In Israel, the call to prayer in the mosques will be quieter to not disturb the residents, like karaoke
The Ministerial legislative Committee of Israel 13 Nov 2016 approved a bill to ban the use of loudspeakers to call the faithful to prayer, called the “law of muezzins”, after he received support from Prime Minister Benjamin Netanyahu, reports NEWSru Israel.
Speaking to the legislative Commission, Netanyahu expressed solidarity with the authors of the legislative initiative: “this noise everyone suffers – Jews, Muslims, Christians. I’ve lost count how many times I was asked to solve the problem.”
The bill submitted by the Deputy mochi Jogawa (party “Bayt Yehudi”) and supported by a number of MPs from the coalition, in particular by Robert Filatovym (the party “Israel Our home”), States that “hundreds of thousands of citizens suffer daily from noise produced by the muezzins of the mosques”, said IsraelInfo. And above all, the residents of mixed cities such as Lod.
Lod mayor Yair Ravivo in an interview with the radio station of the IDF “Galei TSAHAL” noted that the bill is environmental, not religious: “I like the mayor as well fight the noise of the night karaoke parties in the Jewish sector”. “We cannot allow our entire village woke up at 5 in the morning with the calls of the muezzin”, he added.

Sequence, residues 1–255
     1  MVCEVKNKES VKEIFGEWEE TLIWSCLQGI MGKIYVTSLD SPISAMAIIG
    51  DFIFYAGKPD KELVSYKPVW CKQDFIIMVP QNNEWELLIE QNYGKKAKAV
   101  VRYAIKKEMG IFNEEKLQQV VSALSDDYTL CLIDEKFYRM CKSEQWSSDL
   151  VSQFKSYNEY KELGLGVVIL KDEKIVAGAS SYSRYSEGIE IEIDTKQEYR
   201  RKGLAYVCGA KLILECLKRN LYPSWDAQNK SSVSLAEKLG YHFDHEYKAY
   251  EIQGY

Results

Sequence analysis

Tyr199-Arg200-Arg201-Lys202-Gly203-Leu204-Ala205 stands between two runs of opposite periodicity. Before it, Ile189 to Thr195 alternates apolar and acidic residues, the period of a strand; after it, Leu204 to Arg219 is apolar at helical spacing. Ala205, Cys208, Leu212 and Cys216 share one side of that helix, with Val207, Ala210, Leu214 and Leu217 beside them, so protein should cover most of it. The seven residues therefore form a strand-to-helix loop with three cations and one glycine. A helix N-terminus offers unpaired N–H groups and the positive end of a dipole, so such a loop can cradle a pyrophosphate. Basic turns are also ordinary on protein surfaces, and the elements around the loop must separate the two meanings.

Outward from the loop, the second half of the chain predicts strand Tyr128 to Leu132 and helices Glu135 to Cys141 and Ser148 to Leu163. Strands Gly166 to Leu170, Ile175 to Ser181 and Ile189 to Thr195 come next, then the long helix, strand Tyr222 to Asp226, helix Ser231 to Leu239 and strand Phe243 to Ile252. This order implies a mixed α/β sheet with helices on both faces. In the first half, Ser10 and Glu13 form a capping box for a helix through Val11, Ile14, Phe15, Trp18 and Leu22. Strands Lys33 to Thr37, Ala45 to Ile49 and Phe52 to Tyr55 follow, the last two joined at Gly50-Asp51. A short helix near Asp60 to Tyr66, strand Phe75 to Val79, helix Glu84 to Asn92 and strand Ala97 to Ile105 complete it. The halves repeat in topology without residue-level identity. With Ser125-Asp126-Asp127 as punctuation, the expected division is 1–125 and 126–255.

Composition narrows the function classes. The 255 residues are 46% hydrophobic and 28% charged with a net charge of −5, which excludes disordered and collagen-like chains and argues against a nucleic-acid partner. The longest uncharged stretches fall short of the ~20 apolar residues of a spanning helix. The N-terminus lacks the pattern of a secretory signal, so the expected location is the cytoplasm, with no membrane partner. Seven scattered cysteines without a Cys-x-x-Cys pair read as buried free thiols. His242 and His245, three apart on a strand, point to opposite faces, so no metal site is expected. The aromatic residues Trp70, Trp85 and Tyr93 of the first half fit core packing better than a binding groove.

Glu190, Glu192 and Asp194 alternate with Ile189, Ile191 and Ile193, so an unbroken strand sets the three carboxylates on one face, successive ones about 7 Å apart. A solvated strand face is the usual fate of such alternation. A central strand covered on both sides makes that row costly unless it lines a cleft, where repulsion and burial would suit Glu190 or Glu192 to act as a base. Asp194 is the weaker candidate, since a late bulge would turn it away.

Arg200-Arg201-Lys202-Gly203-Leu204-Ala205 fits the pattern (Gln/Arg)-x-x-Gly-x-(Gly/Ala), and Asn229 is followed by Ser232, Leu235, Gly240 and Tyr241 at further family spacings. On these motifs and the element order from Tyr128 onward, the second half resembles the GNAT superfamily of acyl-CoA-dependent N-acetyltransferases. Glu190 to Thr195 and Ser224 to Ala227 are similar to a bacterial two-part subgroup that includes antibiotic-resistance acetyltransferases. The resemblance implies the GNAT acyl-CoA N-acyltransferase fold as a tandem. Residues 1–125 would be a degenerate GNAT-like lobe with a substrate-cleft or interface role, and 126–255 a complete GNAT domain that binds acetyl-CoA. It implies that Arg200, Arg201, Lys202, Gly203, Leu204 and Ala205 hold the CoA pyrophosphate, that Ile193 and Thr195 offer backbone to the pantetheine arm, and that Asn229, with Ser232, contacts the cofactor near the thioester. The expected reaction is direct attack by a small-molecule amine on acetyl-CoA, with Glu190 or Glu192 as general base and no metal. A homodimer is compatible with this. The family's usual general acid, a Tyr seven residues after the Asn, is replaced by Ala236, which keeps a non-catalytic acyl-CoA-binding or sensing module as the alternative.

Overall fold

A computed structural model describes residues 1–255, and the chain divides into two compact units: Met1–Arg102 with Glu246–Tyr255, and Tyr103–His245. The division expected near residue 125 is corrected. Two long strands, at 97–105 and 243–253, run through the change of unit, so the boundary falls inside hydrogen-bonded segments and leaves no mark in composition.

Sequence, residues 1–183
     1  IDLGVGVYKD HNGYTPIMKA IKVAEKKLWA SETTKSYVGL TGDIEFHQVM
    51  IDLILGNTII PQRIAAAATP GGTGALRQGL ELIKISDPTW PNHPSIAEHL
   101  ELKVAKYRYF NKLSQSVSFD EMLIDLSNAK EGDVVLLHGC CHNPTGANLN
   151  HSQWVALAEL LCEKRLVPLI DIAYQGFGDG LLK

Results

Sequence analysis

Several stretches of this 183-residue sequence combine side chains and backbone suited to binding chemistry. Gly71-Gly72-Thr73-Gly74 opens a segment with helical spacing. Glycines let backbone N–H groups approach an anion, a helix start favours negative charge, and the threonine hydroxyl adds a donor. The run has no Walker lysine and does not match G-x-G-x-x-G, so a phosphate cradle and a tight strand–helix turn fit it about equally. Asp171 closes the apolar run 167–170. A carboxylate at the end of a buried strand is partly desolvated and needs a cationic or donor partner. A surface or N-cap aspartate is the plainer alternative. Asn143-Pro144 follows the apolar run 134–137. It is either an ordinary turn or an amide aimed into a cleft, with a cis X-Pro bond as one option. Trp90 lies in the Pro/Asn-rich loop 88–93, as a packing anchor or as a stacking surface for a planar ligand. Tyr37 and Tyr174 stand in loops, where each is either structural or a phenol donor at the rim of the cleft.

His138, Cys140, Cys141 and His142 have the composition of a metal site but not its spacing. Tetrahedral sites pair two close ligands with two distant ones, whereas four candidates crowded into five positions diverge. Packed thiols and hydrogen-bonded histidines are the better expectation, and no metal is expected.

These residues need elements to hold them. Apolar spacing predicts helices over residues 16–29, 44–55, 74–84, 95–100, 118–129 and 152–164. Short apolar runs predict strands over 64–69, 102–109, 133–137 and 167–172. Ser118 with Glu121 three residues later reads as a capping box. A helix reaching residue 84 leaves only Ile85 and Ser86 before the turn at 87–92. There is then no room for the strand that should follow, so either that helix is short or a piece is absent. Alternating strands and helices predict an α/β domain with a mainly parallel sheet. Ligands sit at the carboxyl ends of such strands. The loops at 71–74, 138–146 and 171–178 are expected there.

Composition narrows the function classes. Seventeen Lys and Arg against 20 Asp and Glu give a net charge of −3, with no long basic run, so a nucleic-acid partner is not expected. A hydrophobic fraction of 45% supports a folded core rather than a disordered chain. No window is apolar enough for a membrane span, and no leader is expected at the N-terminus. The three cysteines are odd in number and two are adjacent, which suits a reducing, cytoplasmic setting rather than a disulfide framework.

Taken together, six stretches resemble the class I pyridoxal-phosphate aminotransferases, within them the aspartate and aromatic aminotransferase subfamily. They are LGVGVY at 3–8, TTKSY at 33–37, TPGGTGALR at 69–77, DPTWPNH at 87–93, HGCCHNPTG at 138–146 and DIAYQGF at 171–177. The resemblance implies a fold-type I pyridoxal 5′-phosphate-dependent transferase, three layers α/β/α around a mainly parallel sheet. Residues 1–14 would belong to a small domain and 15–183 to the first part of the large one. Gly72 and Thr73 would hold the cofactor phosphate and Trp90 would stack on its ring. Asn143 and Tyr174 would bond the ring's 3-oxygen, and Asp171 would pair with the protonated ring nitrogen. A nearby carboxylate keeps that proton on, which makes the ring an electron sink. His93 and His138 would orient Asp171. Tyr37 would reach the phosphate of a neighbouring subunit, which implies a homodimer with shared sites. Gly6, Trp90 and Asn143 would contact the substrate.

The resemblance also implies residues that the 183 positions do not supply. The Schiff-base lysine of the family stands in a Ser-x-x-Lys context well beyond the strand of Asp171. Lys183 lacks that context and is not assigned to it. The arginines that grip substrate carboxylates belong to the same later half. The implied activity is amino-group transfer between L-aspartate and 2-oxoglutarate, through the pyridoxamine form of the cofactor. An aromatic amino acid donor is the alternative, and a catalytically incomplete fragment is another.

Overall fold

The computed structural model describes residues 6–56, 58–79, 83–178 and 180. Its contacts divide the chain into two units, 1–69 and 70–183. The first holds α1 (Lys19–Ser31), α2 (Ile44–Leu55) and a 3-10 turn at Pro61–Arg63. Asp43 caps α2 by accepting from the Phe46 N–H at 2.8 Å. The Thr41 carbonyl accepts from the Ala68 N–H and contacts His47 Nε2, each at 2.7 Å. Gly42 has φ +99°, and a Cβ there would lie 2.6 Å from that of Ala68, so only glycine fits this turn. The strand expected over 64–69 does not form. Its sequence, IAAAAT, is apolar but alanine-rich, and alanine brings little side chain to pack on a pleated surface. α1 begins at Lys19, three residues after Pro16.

In turn, the Arab Muslim politicians, representing in Parliament the interests of 17.2% of the population of Arab Muslims living in Israel, opposed the bill, calling it discriminatory.
The head of United Arab list Aiman UDA is confident that it “damages the freedom of religion”: “Instead of trying to promote multiculturalism and embrace the diversity of cultures, the Netanyahu government continues persecution, and this time hits the freedom of Islam in Israel.” Calling the bill “racist” and “populist”, Aiman UDA expressed the belief that it will create an atmosphere of hatred against the Arabs. The mayor of the Bedouin Rate, in turn, also opposed the bill, noting that “whoever came up with this law, wants to attack freedom of religion”.
However, the authors of the bill, denying the allegations of violation of religious freedom put forward by the deputies of the United Arab list, said that “freedom of religion should not degrade the quality of life of citizens.”
Due to the objection of Muslims, the authors of the bill offered a compromise: limit the ban on calls to prayer through a loudspeaker, the period from 23 PM to 7 am. Moreover, citing a similar law passed in Egypt, it is proposed to invite the faithful to prayer through mobile apps.
Earlier the Israel democracy Institute has not supported the bill. The Israeli newspaper Maariv quoted Professor Nasrine Hadad Haj-Yahia, believing that the real purpose of the bill is “not a prevention of noise and creating such a noise that hurt all of society and nullify the efforts to calm relations between Jews and Arabs.”
Recall that such an initiative has already been expressed in Israel, including at the level of Prime Minister of the country, for example, in 2011, but then the bill was not approved.